EPIDERMOLYSIS BULLOSA (EB)
Epidermolysis Bullosa (EB) consists of a group of conditions that cause fragile skin. People with epidermolysis bullosa develop blisters or cuts from minor trauma. There are several subtypes of epidermolysis bullosa caused by different genetic mutations. The prognosis of an individual with epidermolysis bullosa varies based on disease subtype.
What causes epidermolysis bullosa?
Epidermolysis bullosa is caused by genetic mutations that cause problems in forming the necessary components of the basement membrane zone. The basement membrane zone is the attachment between the epidermis, the top layer of skin, and the dermis, the later just beneath the epidermis. The basement membrane zone of people with epidermolysis bullosa is not as strong as it should be, and therefore damage to the skin occurs more easily.
What are the subtypes of epidermolysis bullosa?
There are four main subtypes of epidermolysis bullosa:
1. Epidermolysis bullosa simplex (EBS) - This is the most common form of epidermolysis bullosa, accounting for 75-85% of cases (Abu Sa’d et al, 2006). It is typically inherited in an autosomal dominant fashion, meaning that it is passed from one parent to a child. Epidermolysis bullosa simplex can affect one area of the body or can cause widespread blistering and skin breakdown. Generally, the localized form of epidermolysis bullosa heals without scars, but the more widespread form can cause scarring.
2. Junctional epidermolysis bullosa (JEB) - This form of epidermolysis bullosa is inherited in an autosomal recessive fashion, meaning that each parent passes a gene for the disease. People with junctional epidermolysis bullosa have blistering of the skin and mucosal surfaces (mouth, genitals) that results in scarring. There are several subtypes of junctional epidermolysis bullosa, some of which are associated with other medical problems.
3. Dystrophic epidermolysis bullosa - This form of epidermolysis bullosa is caused by mutations in collagen type VII, which is an important part of the basement membrane zone in skin and other tissues. There are dominant and recessive forms of this condition. People with this condition can have fragile skin, blistering, and severe scarring. They can also have problems in the mucosal surfaces such as the mouth and the upper part of the esophagus. The recessive generalized form is the most severe and can lead to blistering that begins and birth and scarring that causes a “mitten” deformity of the hands and feet.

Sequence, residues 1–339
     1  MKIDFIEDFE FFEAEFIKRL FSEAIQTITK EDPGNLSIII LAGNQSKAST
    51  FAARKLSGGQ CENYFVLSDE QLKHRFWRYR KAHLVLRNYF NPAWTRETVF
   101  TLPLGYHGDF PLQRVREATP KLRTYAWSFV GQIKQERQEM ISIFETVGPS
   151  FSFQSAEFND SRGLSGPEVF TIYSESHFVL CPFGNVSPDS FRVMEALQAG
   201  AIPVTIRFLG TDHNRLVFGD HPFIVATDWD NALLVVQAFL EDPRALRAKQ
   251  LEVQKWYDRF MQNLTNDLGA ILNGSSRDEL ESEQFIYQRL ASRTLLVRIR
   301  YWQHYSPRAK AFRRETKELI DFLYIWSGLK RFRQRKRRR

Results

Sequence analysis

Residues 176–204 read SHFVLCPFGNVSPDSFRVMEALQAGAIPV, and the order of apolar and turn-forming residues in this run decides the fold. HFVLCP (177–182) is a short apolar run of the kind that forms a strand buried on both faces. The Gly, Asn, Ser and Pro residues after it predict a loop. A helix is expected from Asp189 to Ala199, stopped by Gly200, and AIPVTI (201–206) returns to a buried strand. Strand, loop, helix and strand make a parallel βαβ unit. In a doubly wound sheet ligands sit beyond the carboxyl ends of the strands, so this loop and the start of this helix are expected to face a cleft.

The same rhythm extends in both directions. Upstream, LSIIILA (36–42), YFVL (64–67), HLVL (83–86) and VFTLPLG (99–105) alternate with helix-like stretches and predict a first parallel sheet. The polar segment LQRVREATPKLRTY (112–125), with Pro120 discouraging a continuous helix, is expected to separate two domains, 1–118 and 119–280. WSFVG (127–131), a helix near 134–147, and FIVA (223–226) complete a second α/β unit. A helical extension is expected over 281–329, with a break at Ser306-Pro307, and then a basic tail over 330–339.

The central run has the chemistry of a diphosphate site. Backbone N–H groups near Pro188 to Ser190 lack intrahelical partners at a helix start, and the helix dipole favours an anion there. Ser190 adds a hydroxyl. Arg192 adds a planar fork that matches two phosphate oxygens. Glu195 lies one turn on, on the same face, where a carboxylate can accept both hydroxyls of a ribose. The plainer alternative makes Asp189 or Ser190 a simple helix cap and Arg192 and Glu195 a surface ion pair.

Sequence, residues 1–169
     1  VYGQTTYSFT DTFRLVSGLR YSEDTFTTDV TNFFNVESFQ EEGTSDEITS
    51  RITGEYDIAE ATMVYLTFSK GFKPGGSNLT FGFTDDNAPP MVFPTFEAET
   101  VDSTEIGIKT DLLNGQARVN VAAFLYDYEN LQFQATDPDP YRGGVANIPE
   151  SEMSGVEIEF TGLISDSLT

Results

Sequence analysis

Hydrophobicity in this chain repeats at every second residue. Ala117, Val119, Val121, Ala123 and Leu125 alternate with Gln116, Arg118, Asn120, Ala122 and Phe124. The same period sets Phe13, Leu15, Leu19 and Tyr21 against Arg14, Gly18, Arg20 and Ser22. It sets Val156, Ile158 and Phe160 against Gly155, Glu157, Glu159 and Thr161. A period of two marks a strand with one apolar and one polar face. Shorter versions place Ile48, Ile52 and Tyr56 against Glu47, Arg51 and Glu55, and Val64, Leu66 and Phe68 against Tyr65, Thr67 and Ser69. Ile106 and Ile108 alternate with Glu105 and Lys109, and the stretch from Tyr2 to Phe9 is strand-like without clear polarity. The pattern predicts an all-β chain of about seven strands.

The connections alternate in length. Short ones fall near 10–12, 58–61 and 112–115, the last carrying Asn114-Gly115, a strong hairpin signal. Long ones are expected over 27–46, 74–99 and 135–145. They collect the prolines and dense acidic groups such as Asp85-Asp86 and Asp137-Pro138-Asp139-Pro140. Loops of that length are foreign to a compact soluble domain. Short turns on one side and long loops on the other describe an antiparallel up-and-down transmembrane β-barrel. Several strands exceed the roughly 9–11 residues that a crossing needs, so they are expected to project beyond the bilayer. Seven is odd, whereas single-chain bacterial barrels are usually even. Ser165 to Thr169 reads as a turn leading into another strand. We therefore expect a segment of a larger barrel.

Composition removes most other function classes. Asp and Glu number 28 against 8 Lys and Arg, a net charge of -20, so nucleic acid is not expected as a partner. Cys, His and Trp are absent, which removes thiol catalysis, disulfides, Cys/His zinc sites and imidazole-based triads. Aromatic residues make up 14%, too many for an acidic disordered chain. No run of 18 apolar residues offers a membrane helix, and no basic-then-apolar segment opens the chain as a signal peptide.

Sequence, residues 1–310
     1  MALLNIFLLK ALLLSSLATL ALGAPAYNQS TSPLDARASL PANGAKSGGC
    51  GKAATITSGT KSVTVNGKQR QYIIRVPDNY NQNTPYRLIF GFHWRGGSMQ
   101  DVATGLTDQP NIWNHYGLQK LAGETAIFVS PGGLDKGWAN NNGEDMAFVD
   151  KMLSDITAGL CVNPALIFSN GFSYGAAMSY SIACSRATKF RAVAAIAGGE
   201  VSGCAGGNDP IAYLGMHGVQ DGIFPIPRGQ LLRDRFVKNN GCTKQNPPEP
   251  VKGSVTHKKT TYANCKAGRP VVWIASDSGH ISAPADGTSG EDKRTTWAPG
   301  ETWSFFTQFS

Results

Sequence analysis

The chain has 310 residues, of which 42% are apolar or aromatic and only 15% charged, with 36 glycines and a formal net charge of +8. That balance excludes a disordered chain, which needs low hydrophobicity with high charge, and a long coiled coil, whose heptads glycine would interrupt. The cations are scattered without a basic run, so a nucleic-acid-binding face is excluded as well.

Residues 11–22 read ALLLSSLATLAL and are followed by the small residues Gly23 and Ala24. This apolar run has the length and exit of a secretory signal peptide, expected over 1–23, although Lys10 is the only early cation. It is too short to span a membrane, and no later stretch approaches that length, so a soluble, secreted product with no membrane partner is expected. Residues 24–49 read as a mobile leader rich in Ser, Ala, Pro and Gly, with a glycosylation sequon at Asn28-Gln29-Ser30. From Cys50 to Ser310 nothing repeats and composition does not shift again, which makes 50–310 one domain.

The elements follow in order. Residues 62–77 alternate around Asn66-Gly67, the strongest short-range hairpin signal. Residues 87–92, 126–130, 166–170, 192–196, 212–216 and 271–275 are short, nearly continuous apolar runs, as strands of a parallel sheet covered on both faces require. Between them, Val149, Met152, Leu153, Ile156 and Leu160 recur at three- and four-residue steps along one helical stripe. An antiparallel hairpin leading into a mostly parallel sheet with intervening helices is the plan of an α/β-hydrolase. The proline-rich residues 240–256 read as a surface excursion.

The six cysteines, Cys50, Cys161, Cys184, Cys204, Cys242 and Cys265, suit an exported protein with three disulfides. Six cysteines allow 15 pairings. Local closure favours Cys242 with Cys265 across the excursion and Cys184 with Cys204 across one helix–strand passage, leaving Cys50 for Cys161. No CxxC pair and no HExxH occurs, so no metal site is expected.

4. Kindler syndrome - This is an autosomal recessive form of epidermolysis bullosa that causes skin blisters, sensitivity to the sun, skin thinning, abnormal pigmentation, and prominent blood vessels.
What are the common complications of epidermolysis bullosa?
Malnutrition and anemia can be a serious problem for people with epidermolysis bullosa. These patients may have trouble eating and absorbing enough nutrients. The skin is also an important barrier that retains water and certain nutrients. The skin barrier in epidermolysis bullosa is disrupted, and therefore water and nutrients can be lost. Finally, people with epidermolysis bullosa are constantly devoting energy and nutrients to repairing damaged skin.
Skin infections occur commonly in people with epidermolysis bullosa. The skin is an important protective barrier against infection, and the disturbed barrier and open wounds in individuals with epidermolysis bullosa predisposes them to skin infections.
Individuals with epidermolysis bullosa may develop skin cancer, specifically squamous cell carcinoma, at an increased rate when compared to the normal population. The subtype of epidermolysis bullosa most likely to involve squamous cell carcinomas is the recessive dystrophic subtype. These squamous cell carcinomas tend to be more aggressive and deadly than the squamous cell carcinomas seen in the normal population.
Does epidermolysis bullosa affect tissues other than the skin?
Severe epidermolysis bullosa can have manifestations besides those seen in the skin. There can be chronic, non-healing, and scarring wounds. The most commonly affected sites are the hair, nails, eyes, mouth, gastrointestinal tract and genitourinary tract. The manifestations of epidermolysis bullosa on these areas can contribute meaningfully to the morbidity and mortality of the disease.
How is epidermolysis bullosa treated?
There is no specific therapy for epidermolysis bullosa currently, and each individual requires different treatments. The major aspects of disease management include supportive care and management of complications. One very important part of supportive care is management of the chronic wounds. This will promote healing and decrease the risk of infection. Infections can be prevented and treated using special creams, ointments, bathing solutions, bandages and wraps. Sometimes, more serious infections require antibiotics. Individuals with epidermolysis bullosa may need some nutritional support. Finally, epidermolysis bullosa can be painful, so pain management is an important aspect of care.